The Thomas the Tank Engine episode that parents say is scarier than a horror movie

Thomas The Tank Engine has long been a staple of kids TV. But now some parents are starting to question whether all episodes make for suitable viewing.

Children’s stories have happy endings, right? Switch on CBeebies or Nick Jnr, and no matter what ridiculous situations the characters get themselves into, you can be pretty confident that there’ll be a nice and tidy ending that puts everything right and teaches everyone a sensible or moral lesson.

Which is what makes one particular episode of Thomas the Tank Engine that has surfaced online seem particularly harrowing.

The episode is called “The Sad Story of Henry,” and first aired in the 1980s.

It begins on a drizzly day in Sodor, the fictional island in the Irish Sea that serves as the show’s setting. Henry, the curmudgeonly train, is afraid to come out of his tunnel, fearing that rain will ruin his lovely green paint and red stripes. Then Sir Topham Hatt, also known as the Fat Controller, arrives on the scene. He orders the passengers to pull Henry out with a rope, but Henry won’t budge. They push him from the other direction, to no avail. The passengers then tell Henry that it’s not raining; Henry, perhaps noticing that everyone still has their umbrellas out, refuses to move.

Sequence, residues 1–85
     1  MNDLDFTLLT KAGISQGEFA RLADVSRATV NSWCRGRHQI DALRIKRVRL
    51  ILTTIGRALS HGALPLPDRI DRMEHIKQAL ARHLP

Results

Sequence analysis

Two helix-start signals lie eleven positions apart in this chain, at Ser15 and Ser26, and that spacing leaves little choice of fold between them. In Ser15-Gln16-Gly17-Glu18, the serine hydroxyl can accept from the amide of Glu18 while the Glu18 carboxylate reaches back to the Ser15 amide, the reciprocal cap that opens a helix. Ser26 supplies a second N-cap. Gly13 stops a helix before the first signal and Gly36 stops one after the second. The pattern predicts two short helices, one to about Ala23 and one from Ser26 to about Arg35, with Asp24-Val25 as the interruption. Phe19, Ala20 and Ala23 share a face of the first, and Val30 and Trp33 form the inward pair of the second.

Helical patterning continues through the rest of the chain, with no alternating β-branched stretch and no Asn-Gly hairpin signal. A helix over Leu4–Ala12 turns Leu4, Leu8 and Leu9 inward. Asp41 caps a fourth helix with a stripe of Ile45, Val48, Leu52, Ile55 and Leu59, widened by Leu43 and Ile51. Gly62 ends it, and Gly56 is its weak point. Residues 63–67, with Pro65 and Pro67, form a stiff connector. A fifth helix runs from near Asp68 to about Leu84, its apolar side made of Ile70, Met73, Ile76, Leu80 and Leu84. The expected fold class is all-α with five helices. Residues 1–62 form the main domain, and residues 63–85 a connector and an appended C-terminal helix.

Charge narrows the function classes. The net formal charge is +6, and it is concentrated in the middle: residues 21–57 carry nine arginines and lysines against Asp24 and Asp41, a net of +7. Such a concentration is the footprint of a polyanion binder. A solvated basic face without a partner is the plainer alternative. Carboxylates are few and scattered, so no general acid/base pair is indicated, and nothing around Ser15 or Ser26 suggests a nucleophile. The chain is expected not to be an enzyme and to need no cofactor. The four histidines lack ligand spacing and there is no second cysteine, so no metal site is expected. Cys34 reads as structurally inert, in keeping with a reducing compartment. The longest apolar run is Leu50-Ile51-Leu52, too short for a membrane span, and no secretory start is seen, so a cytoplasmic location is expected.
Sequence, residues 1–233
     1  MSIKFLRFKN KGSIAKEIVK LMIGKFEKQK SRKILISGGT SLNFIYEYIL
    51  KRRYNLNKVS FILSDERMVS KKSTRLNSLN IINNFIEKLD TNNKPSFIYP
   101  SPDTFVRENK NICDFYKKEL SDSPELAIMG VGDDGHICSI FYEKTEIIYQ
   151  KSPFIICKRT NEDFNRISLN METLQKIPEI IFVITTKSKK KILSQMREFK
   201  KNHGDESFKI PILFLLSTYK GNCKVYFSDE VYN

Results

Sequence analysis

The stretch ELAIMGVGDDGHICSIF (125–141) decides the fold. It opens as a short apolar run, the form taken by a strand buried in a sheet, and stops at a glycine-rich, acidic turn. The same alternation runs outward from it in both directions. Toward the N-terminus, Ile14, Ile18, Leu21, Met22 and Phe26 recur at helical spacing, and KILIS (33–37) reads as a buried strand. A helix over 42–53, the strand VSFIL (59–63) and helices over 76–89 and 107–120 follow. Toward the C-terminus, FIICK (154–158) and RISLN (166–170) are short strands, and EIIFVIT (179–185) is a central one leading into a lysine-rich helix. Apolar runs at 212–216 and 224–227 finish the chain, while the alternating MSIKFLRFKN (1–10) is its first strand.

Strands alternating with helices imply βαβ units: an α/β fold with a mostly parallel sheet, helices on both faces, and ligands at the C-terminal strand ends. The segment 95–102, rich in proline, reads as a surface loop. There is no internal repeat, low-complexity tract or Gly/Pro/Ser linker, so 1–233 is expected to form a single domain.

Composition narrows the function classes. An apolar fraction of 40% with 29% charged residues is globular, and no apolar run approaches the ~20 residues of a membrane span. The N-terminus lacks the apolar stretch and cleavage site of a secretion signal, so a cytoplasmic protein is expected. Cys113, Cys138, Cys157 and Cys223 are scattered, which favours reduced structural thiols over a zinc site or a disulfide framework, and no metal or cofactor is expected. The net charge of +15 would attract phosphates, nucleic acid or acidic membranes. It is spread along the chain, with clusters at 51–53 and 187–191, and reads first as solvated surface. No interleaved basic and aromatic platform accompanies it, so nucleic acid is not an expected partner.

Realising that the day’s workflow is irrevocably disrupted, the Fat Controller decides that Henry must be punished – for life. “We shall take away your rails, and leave you here for always and always,” he tells Henry. He then orders the railway employees to build a brick wall in front of Henry, entombing him in a tunnel, and leaving only half of his face visible. His train friends pass by: one snubs him, and another whistles hello. Henry has no steam left to whistle back. He spends his days alone, soot-streaked, wondering if he’ll ever be allowed to go back to work.

The last line of the segment is ex-Beatle Ringo Starr, who narrates the programme, saying, “I think he deserved his punishment, don’t you?”

“It’s worse than any horror movie,” wrote one Twitter user, while another questioned what lessons it might be teaching our children.

“Do as you’re told or you will be entombed forever in the darkness to die?”